The Complainant has had a continuous online presence since 1995 at the web site “www.diabetes.org” on which it publishes details of its activities to Internet users. The site receives more than 500,000 visitors and more than 3.5 million page views per month.
According to the relevant WHOIS, the Domain Name was
registered on or about October 4, 2002. As at the date of this decision, the
web site associated with the Domain Name showed a series of hyperlinks which,
when clicked, displayed a series of further links under the heading ‘Sponsored
Results’, some but not all of which were concerned with diabetes-related
products or services.
5. Parties’ Contentions
The Respondent is in no way sponsored or endorsed by, or affiliated or connected with the Complainant. The Complainant’s diabetes research, information and advocacy services have been widely advertised and extensively offered under the trademark AMERICAN DIABETES ASSOCIATION throughout the United States, and the trademark has become, through widespread and favorable public acceptance and recognition, an asset of substantial value as a symbol of the Complainant, its quality services, and its goodwill.
The Complainant has priority of use as between the Respondent’s Domain Name and the Complainant’s trademark. The Respondent has no rights or interest to use the trademark and its use is without permission or authority of the Complainant.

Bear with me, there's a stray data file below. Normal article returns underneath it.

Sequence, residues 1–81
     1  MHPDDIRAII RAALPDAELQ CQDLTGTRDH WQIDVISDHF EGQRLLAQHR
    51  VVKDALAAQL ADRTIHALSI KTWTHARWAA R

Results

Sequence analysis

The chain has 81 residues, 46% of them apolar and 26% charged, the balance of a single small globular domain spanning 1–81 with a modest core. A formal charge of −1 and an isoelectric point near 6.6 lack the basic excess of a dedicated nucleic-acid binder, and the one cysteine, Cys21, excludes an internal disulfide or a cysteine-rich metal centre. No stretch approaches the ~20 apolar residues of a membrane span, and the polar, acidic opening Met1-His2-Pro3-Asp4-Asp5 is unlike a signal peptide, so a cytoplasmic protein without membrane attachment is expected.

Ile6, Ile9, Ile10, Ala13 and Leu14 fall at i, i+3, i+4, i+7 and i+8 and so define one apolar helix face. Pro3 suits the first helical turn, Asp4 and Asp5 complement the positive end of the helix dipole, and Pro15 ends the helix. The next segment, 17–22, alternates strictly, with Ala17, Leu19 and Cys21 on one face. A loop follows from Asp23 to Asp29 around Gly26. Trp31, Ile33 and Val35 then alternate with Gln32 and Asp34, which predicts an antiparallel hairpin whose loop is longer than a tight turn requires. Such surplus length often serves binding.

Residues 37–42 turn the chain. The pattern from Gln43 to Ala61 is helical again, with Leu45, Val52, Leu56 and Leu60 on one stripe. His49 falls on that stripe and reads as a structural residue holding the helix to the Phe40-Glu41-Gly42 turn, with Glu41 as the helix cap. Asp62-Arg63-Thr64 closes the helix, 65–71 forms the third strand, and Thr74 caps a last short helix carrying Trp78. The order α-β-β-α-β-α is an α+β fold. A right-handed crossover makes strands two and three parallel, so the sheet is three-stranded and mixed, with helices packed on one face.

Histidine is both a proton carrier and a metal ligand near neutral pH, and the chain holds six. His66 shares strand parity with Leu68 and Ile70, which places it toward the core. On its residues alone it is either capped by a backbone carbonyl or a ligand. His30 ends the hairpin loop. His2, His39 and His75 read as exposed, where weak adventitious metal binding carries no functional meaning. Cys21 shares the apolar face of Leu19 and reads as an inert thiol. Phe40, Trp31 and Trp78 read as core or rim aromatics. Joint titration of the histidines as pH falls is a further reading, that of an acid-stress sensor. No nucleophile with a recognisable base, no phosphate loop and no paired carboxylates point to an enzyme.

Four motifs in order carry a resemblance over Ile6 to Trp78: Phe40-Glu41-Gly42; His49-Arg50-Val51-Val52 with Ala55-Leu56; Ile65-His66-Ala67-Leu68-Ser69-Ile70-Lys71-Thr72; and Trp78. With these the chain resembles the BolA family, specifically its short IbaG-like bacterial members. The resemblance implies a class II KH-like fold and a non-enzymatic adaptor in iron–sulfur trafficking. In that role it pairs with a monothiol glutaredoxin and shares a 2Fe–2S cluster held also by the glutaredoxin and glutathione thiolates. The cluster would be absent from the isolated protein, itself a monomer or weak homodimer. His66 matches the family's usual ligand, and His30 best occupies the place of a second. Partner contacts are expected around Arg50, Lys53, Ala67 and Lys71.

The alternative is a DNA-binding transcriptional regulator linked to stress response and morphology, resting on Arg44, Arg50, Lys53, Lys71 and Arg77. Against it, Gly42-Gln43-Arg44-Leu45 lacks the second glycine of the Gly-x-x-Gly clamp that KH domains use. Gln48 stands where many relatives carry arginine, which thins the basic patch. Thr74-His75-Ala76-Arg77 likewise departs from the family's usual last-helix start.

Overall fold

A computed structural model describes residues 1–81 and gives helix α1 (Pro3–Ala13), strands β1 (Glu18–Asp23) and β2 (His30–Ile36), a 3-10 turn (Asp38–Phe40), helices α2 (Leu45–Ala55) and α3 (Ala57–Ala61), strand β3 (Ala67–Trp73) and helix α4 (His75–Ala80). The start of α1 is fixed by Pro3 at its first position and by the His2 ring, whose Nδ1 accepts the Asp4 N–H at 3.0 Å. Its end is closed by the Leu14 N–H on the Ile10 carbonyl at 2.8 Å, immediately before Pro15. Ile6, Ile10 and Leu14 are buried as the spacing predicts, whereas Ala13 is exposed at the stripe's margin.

The Domain Name is identical to the Complainant’s well known name and trademark, and thus confusion is inevitable. Internet users are highly likely to assume that the Domain Name is sponsored, licensed and/or otherwise approved by or in some way connected or affiliated with the Complainant.
The Respondent has not engaged in any use of the disputed domain name with the bona fide offering of any goods and services and has never been known by the names American Diabetes Association and/or Americandiabetesassociation.com.
The Respondent registered the Domain Name to trade upon the reputation and goodwill of the Complainant and to increase the amount of user traffic to its own web site. Such use does not constitute bona fide commercial or fair use. It defies credibility to think that the Respondent had any other purpose in mind.
The Respondent uses the Domain Name to attract, for commercial gain, users to its
web site by creating a likelihood of confusion with the Complainant’s trademark as to the source, sponsorship, affiliation or endorsement of the Respondent’s web site. The Respondent misleadingly directs visitors looking for the Complainant’s services on the Internet to a web site using popup pages and listing third party hyperlinks and has derived commercial gain thereby.
The fact that the Respondent uses the web site attached to the domain name to advertise diabetes related goods and services evidences a strong probability that the Respondent had actual notice of the Complainant’s rights prior to its registration of the Domain Name. This constitutes bad faith and directly contravenes Paragraph 4(b)(iv) of the Policy.